Some elderly people are so starved for attention and caring, that they start trusting strangers that are good to them, and unfortunately this is how unscrupulous individuals prey on the elderly, hoping for financial gain in the end. Clearly you are not one of those people and have done the right thing by seeking advice. I am glad to hear that you are family and I hope you do have the resources to maintain the family homestead should your Aunt decide to will it to you. I agree with everyone that has posted so far - enlisting the advice of an ElderLaw attorney (see additional reference material on this site under the Money& Legal tab) is the logical first step - ASAP. Bear in mind that if you are committed to looking after your Aunt, the job is going to get progressively harder as she ages, and her personality will most likely become more difficult and disgreeble as she becomes mentally or physically infirm. If you end up taking on the medical & financial POA's for her, just be sure you are up to the task. The AdvanceCareDirective is a crucial document, which should be discussed in great detail while your Aunt still has her wits - this would relieve you from many difficult medical decisions down the road, as she will have already dicated her wishes via this document. I would not hesitate to have other caregivers come in and give you respite in the home, especially for the personal care aspects, and the funds would come from your Aunt's assets if/when you become financial POA. You could also be paid for your services as POA-another point of discussion with the lawyer. Financial POA responsibility also requires that you keep very good records of how/where the money was spent for her benefit or her debts. Elder-caregiving could take over your life and possibly inhibit your own chances for personal happiness with marriage and a family (you would be hard pressed to find a woman who would be willing to commit herself to this lifestyle with you). She could live to 100 and that's 15 more years of your life and servitude. Please make sure you go into this with your eyes wide open. Best of luck to you, Matt.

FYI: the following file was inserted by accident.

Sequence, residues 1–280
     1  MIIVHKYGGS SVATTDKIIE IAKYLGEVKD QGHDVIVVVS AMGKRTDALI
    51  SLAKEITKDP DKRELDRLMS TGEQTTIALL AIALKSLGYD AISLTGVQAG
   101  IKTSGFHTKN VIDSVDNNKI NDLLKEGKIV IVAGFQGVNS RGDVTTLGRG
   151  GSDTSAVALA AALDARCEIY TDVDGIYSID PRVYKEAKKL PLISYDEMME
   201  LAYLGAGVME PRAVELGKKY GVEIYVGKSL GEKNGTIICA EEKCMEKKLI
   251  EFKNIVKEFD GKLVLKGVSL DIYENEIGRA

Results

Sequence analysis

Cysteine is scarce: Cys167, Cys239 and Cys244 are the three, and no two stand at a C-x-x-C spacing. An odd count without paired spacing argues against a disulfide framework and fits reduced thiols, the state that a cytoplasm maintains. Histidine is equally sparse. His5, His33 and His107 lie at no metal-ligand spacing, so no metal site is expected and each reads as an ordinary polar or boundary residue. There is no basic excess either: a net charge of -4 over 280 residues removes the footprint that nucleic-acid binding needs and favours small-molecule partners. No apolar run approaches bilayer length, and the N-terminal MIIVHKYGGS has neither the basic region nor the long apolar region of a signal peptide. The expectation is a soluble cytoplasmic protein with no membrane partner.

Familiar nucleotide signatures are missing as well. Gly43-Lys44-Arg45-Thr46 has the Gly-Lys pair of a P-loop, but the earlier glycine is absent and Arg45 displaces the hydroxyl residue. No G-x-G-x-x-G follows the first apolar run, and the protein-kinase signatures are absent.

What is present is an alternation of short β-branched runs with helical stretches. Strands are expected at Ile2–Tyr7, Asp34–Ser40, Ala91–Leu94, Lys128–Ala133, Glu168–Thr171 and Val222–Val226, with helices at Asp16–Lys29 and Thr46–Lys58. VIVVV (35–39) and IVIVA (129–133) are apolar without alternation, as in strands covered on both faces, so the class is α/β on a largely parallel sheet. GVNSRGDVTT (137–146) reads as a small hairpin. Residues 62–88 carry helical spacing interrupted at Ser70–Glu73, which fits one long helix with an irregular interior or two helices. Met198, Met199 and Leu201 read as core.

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Just a thought: she could put a caveat in the will: in the event you want to sell or move from the house, first option is given to the siblings. That way, she's acknowledged them (and it makes it harder for them to fight it in court), and the option to keep it in the family remains.